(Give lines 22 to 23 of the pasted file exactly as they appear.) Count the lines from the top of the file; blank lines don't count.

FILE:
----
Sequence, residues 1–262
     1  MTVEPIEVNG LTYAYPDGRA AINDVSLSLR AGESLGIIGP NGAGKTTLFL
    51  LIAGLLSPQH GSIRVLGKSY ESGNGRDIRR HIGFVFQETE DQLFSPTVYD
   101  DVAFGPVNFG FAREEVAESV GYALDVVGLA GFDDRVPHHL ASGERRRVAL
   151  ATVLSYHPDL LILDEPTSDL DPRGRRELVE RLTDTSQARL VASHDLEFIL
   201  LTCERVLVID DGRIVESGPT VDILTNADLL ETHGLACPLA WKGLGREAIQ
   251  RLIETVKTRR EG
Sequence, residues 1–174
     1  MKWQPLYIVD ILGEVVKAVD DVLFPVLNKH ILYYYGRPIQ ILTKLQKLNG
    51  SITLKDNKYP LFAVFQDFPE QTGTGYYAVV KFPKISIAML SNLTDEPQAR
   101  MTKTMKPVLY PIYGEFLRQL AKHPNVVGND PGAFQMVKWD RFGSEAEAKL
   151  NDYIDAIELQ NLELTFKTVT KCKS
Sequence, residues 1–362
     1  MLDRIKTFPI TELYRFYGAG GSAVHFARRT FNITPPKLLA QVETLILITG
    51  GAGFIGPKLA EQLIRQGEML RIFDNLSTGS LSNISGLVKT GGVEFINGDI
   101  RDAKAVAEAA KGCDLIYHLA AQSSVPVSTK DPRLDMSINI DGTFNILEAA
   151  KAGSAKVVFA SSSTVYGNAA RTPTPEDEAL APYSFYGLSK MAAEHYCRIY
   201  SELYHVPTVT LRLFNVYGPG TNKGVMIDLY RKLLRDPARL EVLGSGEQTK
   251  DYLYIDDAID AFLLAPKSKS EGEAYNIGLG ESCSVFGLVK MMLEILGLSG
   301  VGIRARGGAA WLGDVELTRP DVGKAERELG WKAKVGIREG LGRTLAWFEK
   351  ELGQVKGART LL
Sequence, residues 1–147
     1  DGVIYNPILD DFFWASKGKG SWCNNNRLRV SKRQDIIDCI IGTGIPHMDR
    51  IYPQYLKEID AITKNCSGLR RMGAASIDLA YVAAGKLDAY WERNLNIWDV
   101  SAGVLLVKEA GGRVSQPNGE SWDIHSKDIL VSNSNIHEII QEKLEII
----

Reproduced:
Sequence, residues 1–147
     1  DGVIYNPILD DFFWASKGKG SWCNNNRLRV SKRQDIIDCI IGTGIPHMDR